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Alex Kimani

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Alex Kimani is a veteran finance writer, investor, engineer and researcher for Safehaven.com. 

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Why Green Energy Stocks Are Facing Headwinds

  • The Inflation Reduction Act stimulus continues to support clean energy stocks, but the first effect has largely been priced in.
  • Clean energy projects tend to be highly sensitive to interest rates because they require developers to borrow lots of capital up front to build projects.
  • The United States is on track to grow domestic solar panel manufacturing capacity 8-fold by the end of 2024.
Solar panels

The clean energy sector has lately been struggling, with higher interest rates and a weakening economic outlook outweighing considerable backing by the Biden administration. The iShares Global Clean Energy ETF (NASDAQ:ICLN), the world’s largest green energy ETF and a catch-all bet on clean energy, has lost 4% in the year-to-date compared to a 10.3% gain by the S&P 500. The solar and wind energy benchmarks are not faring much better, either, with Invesco Solar ETF (NYSEARCA:TAN) down 2.9% YTD while First Trust Global Wind Energy ETF (NYSEARCA:FAN) has only gained 2.6%.

Clean energy projects tend to be highly sensitive to interest rates because they require developers to borrow lots of capital up front to build projects. To make matters even more complicated, the cost of electricity generated from renewable energy tends to be impacted much more by rising interest rates compared to electricity generated from fossil fuels. Indeed, a 2020 analysis from the International Energy Agency found that a 5% rise in interest rates increases the levelized cost of electricity from wind and solar by a third but only marginally for natural gas plants. These are the main reasons why cash poured into companies focused on renewable energy, electric vehicles, batteries and hydrogen producers when interest rates were low but the funding gusher has lately slowed to a trickle as interest rates continue increasing. Startup electric-vehicle makers such as Lucid Group (NASDAQ:LCID), Fisker Inc. (NYSE:FSR) and Rivian Automotive (NASDAQ:RIVN) have been particularly hard hit with their shares tumbling this year as the companies scramble for market share in an increasingly crowded space.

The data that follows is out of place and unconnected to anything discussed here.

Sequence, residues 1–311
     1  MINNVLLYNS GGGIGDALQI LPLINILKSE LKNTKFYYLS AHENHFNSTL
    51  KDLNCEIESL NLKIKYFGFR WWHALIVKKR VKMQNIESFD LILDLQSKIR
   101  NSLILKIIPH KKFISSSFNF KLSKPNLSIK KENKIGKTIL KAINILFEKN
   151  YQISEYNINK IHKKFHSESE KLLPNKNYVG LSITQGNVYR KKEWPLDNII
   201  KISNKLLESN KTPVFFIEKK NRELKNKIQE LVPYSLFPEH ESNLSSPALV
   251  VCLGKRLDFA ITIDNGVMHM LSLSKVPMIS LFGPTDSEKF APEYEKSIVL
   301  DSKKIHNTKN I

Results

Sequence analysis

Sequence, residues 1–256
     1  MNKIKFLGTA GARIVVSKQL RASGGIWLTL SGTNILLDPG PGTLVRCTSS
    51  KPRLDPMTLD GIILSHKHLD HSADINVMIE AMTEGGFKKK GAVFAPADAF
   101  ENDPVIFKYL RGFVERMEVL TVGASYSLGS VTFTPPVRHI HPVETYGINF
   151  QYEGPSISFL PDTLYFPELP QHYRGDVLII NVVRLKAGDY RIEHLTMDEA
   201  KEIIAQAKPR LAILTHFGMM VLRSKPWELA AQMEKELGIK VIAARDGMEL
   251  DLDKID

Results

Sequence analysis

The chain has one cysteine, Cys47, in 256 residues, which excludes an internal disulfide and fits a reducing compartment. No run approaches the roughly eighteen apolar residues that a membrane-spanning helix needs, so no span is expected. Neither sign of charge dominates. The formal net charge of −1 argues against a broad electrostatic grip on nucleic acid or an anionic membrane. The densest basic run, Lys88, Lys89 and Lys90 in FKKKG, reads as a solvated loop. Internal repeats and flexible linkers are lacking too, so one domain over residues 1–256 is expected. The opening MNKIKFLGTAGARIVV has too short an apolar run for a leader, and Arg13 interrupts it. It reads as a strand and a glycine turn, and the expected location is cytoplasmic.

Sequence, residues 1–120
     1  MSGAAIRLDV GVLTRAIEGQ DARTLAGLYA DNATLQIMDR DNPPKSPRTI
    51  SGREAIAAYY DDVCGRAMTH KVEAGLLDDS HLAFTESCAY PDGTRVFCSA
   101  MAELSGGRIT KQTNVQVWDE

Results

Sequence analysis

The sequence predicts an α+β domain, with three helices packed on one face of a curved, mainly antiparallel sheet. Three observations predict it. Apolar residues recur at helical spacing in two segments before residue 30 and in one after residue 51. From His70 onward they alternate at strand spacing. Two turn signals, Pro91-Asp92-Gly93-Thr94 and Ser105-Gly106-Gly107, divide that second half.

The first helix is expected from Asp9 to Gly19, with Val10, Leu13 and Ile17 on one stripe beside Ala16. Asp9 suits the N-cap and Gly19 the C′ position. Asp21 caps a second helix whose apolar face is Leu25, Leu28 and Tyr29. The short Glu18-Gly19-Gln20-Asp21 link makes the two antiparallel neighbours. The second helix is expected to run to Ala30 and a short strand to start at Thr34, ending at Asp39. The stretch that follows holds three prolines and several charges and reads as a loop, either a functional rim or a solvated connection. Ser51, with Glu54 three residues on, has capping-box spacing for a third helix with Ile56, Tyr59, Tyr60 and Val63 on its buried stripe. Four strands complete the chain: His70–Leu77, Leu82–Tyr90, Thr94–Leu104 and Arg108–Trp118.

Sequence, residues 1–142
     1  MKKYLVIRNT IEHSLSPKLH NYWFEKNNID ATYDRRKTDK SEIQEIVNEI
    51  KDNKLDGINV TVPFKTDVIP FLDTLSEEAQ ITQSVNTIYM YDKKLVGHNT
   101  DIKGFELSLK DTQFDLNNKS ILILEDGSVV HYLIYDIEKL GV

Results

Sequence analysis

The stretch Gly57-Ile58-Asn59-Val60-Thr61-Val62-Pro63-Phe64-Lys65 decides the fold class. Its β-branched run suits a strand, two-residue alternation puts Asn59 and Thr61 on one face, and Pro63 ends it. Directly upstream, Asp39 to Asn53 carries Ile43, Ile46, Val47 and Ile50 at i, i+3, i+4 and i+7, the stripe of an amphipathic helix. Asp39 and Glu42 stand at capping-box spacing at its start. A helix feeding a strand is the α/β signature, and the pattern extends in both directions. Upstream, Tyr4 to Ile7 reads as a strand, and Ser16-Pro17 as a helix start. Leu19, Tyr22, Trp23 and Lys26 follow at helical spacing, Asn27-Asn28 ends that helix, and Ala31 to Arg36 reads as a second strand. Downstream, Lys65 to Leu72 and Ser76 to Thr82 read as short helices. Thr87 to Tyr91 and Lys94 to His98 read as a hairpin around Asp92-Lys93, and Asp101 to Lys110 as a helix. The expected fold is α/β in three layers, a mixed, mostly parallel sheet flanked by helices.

The renewable sector has not been helped by the sudden collapse of Silicon Valley Bank.

SVB was popular in the renewables world for its crucial role in supporting small-scale projects, including community solar projects which other institutions shunned due to the onerous legal and tax paperwork required to advance them loans.

Since deposits were guaranteed, the risk has moved from small, early-stage companies that might have struggled to make payroll, to those that might be reliant on the bank’s credit facilities for infrastructure projects,’’ Mark Daly, head of technology and innovation at BloombergNEF, has said. According to BloombergNEF, it’s not yet clear how much financing SVB was offering to community solar developers. However, SVB’s website says it has committed $3.2 billion to innovation projects in clean energy, was leading or participating in 62% of financing in U.S. developments and had more than 1,550 customers in the broader climate technology and sustainability sector.  Related: Small Oil Moves In Where Big Oil Moves Out

BloombergNEF has estimated that between 2020 and 2022, SVB financed ~$357 million of residential solar, excluding community solar, by no means an insignificant amount.

Government Backing

But it’s not all doom and gloom, with the clean energy sector enjoying a period of ample government backing.